Can Cats Eat Ham? Is It Toxic Or Safe For Your Kitty?
There was once a strip of the famous “Garfield” comic where the eponymous overweight tabby regarded the salad he was expected to eat as part of his diet. Garfield decided “I think I’ll garnish it…with a HAM!” The punch line panel showed Garfield slamming a whole bone-in-ham on the lettuce leaf.
An animated quickie showed Garfield being disgusted at the way Odie panted while chasing his tail to amuse Jon, until Jon rewarded Odie with a slice of ham. Garfield then proceeded to act as ridiculous as Odie with the excuse “A ham’s a ham!” While no cat should eat as much as Garfield does, a bit of lean-cut ham would be better for a cat than a green salad.
Ham is a cut of pork from the hog’s hind leg. It may be cured through smoking or curing and preserved by salting. Many people mark the Christmas and Easter holidays by dining on a large, cured ham. Sliced ham is a popular form of cold cuts. Grilled ham is a popular brunch dish.
Your cat is sure to sniff out this ubiquitous meat and start hankering for a taste of it. Can cats eat ham? Of course! Cats are obligate carnivores and ham is a meat. A better question is should cats eat ham?
Is Too Much Ham Toxic to Your Cat
While it is safe for cats to eat ham, do keep in mind that all things should be in moderation. Ham does tend to have a lot of sodium loaded preservatives with salting being the most common method. It’s not good for cats to have too much sodium.
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They should have no more than 42 mg of sodium per day. Not only is heavy sodium hard on a cat’s kidneys but cats dehydrate easily as they’re not as diligent about drinking water as other animals. Regular eating of ham can lead to high blood pressure, diarrhea and obesity. Processed meats can stunt a kitten’s growth.
But don’t think it’s all bad news! A little bit of ham every once in a while as part of a balanced diet can do your cat some good. All you have to do is remember not to over-do it. As Hippocrates the Father of Medicine said “Everything in excess is opposed by nature.”
Even if Kitty likes to beg for extra food, it would be against nature to feed her more than she needs. However, a little cut of well cooked ham every now and then is fine. If Kitty shows reluctance to take her medicine or vitamin pills you might try wrapping them in a slice of deli cut ham.
What Are the Benefits of Eating Ham for Your Cat
Cats not only need protein, they also need taurine, a nutrient that ham is rich in. Cats can’t make their own taurine but need it for a strong heart and digestive system. Ham also has thiamin and riboflavin. The riboflavin provides energy and protects antioxidants. Thiamin aids in metabolizing the protein.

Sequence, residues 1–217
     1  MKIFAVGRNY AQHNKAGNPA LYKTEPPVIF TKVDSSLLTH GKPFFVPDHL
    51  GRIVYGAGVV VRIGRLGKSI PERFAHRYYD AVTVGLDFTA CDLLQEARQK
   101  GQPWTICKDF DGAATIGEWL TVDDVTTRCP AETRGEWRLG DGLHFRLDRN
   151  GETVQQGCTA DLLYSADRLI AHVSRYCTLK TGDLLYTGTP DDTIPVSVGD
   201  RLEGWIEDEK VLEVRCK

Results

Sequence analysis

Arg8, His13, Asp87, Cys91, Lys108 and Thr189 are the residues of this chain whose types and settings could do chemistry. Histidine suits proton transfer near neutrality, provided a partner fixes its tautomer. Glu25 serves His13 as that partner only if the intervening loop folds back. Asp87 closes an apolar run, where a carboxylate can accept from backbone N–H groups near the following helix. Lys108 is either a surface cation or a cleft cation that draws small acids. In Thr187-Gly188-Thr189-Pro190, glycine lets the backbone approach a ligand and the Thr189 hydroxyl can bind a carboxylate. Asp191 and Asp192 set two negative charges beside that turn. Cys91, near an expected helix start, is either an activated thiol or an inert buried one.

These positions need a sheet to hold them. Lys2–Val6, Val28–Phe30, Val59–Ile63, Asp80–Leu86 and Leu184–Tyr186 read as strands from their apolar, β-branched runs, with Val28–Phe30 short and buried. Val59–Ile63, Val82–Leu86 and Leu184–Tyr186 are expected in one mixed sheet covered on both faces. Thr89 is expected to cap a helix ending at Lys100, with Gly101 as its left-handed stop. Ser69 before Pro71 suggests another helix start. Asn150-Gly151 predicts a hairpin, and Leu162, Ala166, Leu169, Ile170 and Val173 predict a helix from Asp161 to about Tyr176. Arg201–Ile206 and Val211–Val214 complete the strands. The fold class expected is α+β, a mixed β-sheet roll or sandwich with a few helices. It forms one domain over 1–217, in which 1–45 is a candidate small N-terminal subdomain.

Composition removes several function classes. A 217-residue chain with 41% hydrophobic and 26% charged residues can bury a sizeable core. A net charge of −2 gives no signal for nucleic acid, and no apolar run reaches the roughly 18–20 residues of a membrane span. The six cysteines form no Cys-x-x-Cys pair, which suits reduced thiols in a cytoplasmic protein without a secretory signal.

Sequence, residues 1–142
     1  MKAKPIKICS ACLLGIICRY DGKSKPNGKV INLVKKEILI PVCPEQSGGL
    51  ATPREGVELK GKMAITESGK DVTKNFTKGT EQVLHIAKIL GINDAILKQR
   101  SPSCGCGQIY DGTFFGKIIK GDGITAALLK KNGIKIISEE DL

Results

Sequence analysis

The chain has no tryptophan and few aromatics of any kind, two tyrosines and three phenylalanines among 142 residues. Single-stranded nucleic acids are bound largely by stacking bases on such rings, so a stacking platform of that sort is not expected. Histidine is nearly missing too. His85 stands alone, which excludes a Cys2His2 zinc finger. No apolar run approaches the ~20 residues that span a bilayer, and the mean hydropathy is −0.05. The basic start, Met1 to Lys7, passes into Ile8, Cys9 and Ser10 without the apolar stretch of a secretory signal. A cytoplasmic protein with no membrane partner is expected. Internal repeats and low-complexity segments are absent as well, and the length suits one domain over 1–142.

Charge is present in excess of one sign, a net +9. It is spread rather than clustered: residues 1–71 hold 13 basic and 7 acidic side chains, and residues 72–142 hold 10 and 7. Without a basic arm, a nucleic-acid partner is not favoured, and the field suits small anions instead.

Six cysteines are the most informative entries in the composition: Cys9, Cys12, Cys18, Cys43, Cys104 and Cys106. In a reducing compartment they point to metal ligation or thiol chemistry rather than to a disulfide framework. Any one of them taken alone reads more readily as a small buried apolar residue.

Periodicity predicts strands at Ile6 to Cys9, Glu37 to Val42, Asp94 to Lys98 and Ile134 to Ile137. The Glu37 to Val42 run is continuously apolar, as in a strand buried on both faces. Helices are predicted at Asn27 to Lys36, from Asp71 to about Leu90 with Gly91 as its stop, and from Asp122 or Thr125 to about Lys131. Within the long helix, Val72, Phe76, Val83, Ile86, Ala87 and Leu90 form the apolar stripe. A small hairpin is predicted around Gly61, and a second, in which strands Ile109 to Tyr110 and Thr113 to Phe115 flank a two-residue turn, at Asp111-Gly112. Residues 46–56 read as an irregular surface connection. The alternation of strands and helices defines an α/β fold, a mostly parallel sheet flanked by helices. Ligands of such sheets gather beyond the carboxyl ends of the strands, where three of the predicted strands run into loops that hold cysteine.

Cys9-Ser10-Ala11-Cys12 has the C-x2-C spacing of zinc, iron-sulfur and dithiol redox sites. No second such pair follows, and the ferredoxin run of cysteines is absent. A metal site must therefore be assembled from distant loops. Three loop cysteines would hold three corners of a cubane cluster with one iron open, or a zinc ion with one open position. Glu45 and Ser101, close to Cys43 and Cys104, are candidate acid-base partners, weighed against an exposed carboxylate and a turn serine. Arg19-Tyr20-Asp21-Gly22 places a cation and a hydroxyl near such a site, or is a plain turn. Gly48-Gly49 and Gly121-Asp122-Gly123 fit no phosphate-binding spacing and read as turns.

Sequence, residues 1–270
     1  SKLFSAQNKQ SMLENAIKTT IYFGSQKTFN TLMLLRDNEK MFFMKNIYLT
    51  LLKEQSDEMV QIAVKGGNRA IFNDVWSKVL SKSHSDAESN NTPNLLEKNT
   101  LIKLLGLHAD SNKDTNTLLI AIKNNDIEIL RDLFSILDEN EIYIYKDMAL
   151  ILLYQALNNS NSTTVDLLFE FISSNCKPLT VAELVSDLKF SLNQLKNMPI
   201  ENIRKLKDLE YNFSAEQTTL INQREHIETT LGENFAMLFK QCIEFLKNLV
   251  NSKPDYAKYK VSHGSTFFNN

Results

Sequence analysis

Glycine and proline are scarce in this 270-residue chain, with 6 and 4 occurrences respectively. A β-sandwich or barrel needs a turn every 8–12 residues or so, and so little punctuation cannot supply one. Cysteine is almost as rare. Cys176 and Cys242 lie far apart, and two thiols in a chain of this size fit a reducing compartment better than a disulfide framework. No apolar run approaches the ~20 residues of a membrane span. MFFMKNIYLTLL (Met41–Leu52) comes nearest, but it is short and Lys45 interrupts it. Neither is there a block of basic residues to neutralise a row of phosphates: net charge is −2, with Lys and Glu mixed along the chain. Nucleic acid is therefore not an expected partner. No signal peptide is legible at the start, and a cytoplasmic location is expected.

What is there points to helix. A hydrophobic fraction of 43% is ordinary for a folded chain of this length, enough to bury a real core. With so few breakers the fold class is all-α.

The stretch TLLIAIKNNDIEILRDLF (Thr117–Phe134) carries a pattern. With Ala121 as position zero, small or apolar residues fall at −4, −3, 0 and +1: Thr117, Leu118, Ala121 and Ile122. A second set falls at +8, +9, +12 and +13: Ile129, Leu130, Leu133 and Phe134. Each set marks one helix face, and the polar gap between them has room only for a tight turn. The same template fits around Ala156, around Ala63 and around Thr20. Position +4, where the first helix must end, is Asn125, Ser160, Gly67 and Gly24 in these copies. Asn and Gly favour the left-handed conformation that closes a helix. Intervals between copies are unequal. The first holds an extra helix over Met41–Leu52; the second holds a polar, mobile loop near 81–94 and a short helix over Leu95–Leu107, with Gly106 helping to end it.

Vitamin B6 keeps the nervous system healthy. A cat’s sensitive kidneys can always use more potassium. A good helping of zinc ensures a thick and shiny coat. Selenium is good for the heart and copper makes strong bones and aids in healing.
Not only should you be careful about how much ham to feed your cat but what kind of ham is also important. Go with Grade A ham, not the cheap stuff prepared with a lot of fillers. The stuff that comes in a can and has a brand name that rhymes with ham (not naming names) is probably not the best thing to give to your cat. The less fat and salt that piece of ham you want to feed your cat has the better.
Click Here To Find Out If Your Kitty Can Eat Tuna.
What about raw ham
Under no circumstances should a cat be fed raw ham. Ideally, a ham should be cooked until the internal temperature is 140 degrees Fahrenheit. Raw pork can lead to food poisoning or trichinosis, a parasitic disease caused by roundworms.
If your cat has eaten raw ham or any other kind of raw meat (including vermin or other local wildlife) and is experiencing vomiting, diarrhea or running a fever, you need to get her to a veterinarian right away. While it’s true that cats can eat raw meat, it’s best avoided if possible.
Fortunately, most ham products are already cooked and people usually just heat them up to improve the flavor. Luncheon meats are already cooked, but considering their high fat and salt content, you might not want to give Kitty too much of this type of ham.
Also never feed your cat anything that’s spoiled. If it smells bad, is a strange color, has something growing on it or (ew, gross) moving in it, do not feed it to your cat. Cats are just as prone to food poisoning as you are. Do not feed rotten food to them.
Keep your cat out of the garbage so she doesn’t eat rotten food by mistake. Don’t even let stray cats get at it. A good rule of thumb is if you wouldn’t eat it, your cat probably shouldn’t either.
How to Safely Feed Your Cat Ham
Let’s reiterate; ham should be fed to your cat only in the strictest of moderation. It should have as little salt and fat as possible and your cat should have easy access to water. Feed your cat only the high quality ham as processing and filler tends to be nothing but empty carbohydrates your cat doesn’t need.
If your cat really has a hankering for ham, there are ham flavored cat foods on the market that will give her the ham taste she wants plus some extra vitamins. The ham should be cooked and fresh. In the wise words of Cicero “Never go to excess, but let moderation be your guide.”
Show some restraint and common sense and you can safely make ham part of your cat’s gastronomic experience.
- “Sodium requirement of adult cats for maintenance” – Department of Molecular Biosciences, School of Veterinary Medicine, University of California, Davis, CA 95616, USA.
- USDA Ham Fact Sheet
- Current knowledge about the risks and benefits of raw meat–based diets for dogs and cats
- Trichinella spiralis by Anastasia Bowman
- CDC Sodium Fact Sheet